Consciousness and the body, and how they co-exist, has been a fascination of mine for many years. My drawing and painting practice has been engaged exclusively with portrait and figuration as a result of this compulsion. Spiritual practices and the influence of Descartes’ views of dualism have created a sense of mind and body as separate entities. Neuroscience and genetics, increasingly find evidence that there is no separation. Identity exists in every cell, and interaction with the world not only affects us psychologically, but changes us physiologically as well. Mind and body fit together in a mysterious way that we as yet are unable to fully understand. Engagement with these ideas has led me to ponder my choice of and relationship to my subjects in portraiture. Exploration of the connection between personality and physical presence, and how that translates into subjective interpretation on canvas, has become a large part of my practice.
The space between subject and artist is like an interactive current. The intent observation required creates a peculiar intimacy that frequently leads to personal conversation. It's an artificial situation that paradoxically leads to authentic connection.Vulnerability is inherent to the situation. One’s body image is such an integral part of identity, and the artist’s gaze and hand is allowed access to this very personal space. When distilled, our politics, our culture, out social system, can be reduced to the simple dialogue between one face and another. After years of portrait painting it's become apparent to me that the essence of a person, one's consciousness, reveals itself through the nuances of line and colour in one's face. After a relatively short period of interaction, for most people, the face reveals all. A well-done portrait has the potential to be a unique record of the sum of an individual's experience, offering the opportunity for some form of engagement with that person, even in their absence.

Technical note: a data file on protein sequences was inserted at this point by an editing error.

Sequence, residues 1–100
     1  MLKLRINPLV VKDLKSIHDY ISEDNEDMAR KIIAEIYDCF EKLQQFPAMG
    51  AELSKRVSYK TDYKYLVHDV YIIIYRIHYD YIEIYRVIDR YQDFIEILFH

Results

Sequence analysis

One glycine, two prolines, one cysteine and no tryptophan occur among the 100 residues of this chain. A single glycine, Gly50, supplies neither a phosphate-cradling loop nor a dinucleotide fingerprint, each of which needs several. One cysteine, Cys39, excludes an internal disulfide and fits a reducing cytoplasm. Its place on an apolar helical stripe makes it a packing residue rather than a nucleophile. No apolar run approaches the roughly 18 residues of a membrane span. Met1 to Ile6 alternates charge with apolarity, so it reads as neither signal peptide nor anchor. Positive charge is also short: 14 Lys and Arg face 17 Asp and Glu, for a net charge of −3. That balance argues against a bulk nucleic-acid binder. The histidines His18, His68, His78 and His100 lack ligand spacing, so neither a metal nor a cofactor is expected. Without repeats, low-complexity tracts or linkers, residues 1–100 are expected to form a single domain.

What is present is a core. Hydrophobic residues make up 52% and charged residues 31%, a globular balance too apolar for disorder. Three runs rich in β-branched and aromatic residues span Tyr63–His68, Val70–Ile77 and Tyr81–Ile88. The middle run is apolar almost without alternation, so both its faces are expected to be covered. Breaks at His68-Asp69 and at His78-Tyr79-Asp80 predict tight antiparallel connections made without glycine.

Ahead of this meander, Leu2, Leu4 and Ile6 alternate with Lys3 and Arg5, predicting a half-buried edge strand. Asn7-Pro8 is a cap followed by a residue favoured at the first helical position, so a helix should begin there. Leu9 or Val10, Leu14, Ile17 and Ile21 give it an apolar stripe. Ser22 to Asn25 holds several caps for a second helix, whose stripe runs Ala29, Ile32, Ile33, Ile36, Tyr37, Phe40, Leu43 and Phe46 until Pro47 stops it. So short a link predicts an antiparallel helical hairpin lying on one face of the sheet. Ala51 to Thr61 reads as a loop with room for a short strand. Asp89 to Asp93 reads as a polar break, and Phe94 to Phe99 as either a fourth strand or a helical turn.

Painting is my medium of choice. The act of painting introduces a unique temporal factor to the creation of an image. When I paint, I engage with that face, that body, over a long period of time, allowing for reflection and sympathetic expression through my own skin, muscles, bone; all the corporeal elements that are part of the work. The brush strokes I make are the trace of my body’s movement over time: layer upon layer. I trust that the interactive experience I’ve had with each model leaves a memory residue and informs every stroke in an intuitive and subconscious manner, capturing more than just resemblance, but some sense of perceived essence as well. Each subject engages directly with the viewer ‘eyeball to eyeball’, which, combined with the scale of the work, gives the subject a power and presence that encourages one to interact as viewer rather than voyeur.